Story = D
Video = B+
Audio = C
Colin MacLeod, the immortal Scottish Highlander, travels with the wise-cracking ghost Amergan in search of the immortal despot Marcus Octavius, who killed Colin's lover on the Celtic plains centuries earlier. The once great city of New York is now submerged under water, with only one dominant fortress towering over the sea, the fortress of Marcus Octavius. MacLeod is torn between saving the survivors of New York and hunting down his nemesis. (Source: ANN)
It seems like it should be a great idea. You take an established story from the US and put it in the hands of Japanese animators; the goal being to have a movie that is familiar to western audiences, but also has the best of the action-oriented animation of the east. It's been done before with varying success; but for this Highlander anime, the parts don't mesh well together and it ends up seeming like a forced patchwork of ideas instead of a cohesive story.
As I watched this movie, I could almost hear the writers in the background as they composed the script: "Okay, it's anime right? So that means it'll be graphically violent. And of course there has to be a post-apocalyptic setting. And impractically-but-suggestively dressed women. Yeah, that's pretty much the definition of anime. And since it's Highlander we have to have a ghost advising the hero; and everyone has to be blurting out 'There can be only one' like every three minutes. ... No, we don't need to explain what any of that stuff means. It's Highlander, so it'll all be self-explanatory. Right? ... Right!?"
I'm not saying that it's a bad thing to have those elements in a movie. It's just that in this case, they are there without any much explanation or build up and as a result they seem out-of-placed and/or forced. The point being that the story is more focused on including easily recognizable (and marketable) stereotypes from both anime and the Highlander franchise than on making a cohesive story.
Here's another example: Marcus and Colin have countless battles over a number of centuries. And every time, Marcus wins and comes within millimeters of cutting off Colin's head only to have some convenience save him -- mainly ending up on "holy ground" where immortals are forbidden to kill each other. I can understand this happening maybe two or three times... but every time throughout centuries!? Of course, this is really done as an excuse to show how the pair survive through the past and into the future. It's nice idea; but such a string of conveniences just kills the tension in the story because it makes the hero seem ... well... immortal -- but more due to plot contrivances than his own longevity.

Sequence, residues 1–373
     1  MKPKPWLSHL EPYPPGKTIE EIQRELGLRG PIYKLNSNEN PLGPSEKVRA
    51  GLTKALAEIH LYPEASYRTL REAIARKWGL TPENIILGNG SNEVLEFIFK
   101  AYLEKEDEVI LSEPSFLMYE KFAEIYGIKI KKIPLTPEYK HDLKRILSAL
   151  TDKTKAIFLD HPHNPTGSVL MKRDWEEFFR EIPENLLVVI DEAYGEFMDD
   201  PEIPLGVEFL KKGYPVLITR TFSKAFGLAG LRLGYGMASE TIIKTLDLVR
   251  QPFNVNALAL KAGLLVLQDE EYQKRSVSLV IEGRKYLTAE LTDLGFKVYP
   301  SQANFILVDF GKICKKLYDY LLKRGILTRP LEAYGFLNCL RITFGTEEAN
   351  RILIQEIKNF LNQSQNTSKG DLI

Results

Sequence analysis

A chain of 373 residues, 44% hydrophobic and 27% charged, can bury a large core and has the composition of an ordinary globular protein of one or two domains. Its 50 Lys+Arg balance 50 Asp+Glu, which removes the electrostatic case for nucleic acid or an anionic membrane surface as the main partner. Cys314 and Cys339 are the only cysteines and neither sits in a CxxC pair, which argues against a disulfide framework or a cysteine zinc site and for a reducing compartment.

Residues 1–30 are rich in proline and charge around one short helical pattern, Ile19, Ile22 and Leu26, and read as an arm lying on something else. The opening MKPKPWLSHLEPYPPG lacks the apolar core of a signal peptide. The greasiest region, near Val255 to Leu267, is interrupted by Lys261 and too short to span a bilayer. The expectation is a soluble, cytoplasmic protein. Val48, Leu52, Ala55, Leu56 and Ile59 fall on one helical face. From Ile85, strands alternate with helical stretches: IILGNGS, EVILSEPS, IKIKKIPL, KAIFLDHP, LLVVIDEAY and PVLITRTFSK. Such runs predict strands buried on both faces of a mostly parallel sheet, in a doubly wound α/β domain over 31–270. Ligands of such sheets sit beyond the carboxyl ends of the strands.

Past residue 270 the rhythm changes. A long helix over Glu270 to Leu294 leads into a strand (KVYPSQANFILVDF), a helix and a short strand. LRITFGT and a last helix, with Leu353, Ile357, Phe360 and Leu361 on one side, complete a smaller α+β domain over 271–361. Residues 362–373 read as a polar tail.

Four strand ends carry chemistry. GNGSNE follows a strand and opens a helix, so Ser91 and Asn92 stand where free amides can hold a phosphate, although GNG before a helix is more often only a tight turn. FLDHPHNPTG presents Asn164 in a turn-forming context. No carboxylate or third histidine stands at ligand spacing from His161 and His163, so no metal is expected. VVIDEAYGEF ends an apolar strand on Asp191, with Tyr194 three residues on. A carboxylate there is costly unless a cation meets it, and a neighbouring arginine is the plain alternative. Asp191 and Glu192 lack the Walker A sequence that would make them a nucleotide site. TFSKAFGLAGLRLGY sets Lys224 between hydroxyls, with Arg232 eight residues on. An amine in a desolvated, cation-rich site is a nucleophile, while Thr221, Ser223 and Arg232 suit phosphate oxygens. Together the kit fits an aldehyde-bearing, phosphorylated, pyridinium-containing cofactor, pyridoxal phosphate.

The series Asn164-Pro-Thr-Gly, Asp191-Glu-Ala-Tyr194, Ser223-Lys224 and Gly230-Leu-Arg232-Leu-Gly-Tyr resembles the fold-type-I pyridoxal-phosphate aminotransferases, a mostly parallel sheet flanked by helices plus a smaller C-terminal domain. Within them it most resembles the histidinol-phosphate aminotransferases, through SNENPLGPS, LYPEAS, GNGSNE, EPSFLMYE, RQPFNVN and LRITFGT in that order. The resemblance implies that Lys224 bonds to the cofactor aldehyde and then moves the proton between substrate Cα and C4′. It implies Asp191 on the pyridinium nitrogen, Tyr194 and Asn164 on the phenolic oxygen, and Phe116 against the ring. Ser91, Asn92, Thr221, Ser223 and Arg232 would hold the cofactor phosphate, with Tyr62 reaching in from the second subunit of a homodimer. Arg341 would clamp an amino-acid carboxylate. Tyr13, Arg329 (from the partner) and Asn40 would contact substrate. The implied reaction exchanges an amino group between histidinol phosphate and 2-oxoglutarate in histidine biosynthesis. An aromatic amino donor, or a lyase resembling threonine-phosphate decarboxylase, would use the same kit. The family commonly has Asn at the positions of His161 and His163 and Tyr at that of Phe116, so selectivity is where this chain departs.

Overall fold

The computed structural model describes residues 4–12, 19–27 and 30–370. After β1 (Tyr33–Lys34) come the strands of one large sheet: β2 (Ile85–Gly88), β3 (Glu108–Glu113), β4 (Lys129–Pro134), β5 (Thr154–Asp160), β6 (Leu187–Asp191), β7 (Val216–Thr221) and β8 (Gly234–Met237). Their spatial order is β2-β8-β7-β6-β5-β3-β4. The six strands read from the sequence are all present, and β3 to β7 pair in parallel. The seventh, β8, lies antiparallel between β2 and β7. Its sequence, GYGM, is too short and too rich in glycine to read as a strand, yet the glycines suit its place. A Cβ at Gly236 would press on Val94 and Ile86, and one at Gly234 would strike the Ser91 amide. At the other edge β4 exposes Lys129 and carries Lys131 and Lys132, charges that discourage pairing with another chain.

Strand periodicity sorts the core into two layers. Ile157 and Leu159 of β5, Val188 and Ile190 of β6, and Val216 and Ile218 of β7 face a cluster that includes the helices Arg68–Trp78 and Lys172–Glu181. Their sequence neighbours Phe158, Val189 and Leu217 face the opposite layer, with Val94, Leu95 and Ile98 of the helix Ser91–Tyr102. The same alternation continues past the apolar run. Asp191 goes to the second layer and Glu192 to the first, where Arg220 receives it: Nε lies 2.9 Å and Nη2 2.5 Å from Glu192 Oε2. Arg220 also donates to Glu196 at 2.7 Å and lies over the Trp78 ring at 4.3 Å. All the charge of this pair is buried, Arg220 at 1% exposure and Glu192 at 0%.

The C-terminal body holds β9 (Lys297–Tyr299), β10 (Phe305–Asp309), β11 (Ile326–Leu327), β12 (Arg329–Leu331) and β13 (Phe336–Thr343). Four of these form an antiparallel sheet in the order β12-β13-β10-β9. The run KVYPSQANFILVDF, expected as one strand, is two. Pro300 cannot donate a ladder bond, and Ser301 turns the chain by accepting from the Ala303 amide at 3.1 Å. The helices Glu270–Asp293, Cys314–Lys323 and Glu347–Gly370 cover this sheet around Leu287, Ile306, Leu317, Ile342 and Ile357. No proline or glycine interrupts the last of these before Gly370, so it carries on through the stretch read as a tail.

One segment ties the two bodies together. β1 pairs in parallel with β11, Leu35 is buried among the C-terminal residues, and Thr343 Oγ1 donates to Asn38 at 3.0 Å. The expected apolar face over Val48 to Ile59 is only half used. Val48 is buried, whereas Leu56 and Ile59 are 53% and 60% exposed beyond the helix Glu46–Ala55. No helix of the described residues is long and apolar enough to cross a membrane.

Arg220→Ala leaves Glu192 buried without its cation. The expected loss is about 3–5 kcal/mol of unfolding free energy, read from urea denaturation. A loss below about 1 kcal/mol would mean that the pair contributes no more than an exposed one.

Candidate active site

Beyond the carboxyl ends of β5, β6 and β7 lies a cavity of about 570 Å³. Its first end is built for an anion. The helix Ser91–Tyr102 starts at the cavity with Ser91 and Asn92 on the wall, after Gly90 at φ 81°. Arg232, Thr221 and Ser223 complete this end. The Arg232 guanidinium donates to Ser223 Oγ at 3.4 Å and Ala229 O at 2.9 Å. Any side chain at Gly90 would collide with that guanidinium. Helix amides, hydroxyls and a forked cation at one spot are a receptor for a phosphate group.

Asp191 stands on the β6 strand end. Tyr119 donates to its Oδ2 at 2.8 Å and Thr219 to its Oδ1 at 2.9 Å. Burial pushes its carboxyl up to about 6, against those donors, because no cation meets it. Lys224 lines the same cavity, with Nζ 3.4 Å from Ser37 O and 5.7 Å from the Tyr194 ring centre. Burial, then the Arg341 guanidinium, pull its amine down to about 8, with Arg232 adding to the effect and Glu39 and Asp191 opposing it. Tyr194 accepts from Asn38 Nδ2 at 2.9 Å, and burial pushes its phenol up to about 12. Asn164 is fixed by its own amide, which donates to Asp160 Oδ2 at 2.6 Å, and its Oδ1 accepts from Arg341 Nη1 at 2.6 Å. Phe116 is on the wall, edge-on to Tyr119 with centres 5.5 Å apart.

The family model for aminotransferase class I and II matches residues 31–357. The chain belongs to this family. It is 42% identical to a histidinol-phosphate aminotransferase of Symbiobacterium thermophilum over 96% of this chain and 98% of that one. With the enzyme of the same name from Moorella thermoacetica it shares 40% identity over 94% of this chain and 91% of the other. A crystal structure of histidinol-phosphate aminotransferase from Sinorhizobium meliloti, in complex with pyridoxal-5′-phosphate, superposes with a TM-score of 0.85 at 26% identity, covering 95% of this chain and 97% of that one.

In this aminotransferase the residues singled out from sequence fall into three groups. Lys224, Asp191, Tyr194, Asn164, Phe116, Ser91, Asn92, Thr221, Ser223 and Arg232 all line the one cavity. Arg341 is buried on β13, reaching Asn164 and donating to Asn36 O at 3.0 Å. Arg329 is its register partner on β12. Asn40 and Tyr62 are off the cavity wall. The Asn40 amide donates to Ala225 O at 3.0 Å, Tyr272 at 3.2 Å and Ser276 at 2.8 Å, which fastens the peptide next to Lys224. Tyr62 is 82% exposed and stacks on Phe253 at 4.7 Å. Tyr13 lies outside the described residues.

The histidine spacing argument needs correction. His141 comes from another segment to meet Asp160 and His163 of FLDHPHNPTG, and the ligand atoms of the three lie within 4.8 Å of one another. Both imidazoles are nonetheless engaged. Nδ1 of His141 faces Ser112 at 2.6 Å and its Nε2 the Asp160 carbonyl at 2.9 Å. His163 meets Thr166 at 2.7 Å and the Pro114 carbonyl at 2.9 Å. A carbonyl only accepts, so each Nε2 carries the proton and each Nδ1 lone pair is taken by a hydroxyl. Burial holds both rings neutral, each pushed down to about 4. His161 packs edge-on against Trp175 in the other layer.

The animation itself is flawless. The action is smooth and the overall art is clean. I'd expect nothing less form the legendary directory of Ninja Scroll. In fact, I'd go so far as to say that the animation is too good for the story. Let me explain....
Japanese have a very different way of telling a story than the west does. Anime tends to have character-driven stories that focus on relationships. The west tends to have plot-driven stories that focus on conflict. Neither is inherently better than the other, but I think the character-driven nature of anime is part of what gives it so much energy, and is the reason why it matches well with the dynamic animation. And, to me, a western-style story -- which doesn't have as much energy -- seems like it's limiting the potential of the animation itself. So while the animation quality is great, it looses a lot of the intensity that it would have with a more Japanese-type of story.
So in summary, this movie has great animation, but everything else suffers from weak and forced storytelling. On the bright side, I heard that there is going to be another version of the movie coming out early next year in which the Japanese director had more control (before the US producers got their hands on it). That might be interesting to see, but honestly I'd really have to work up motivation to spend another couple hours with as much of a disappointment as this version was.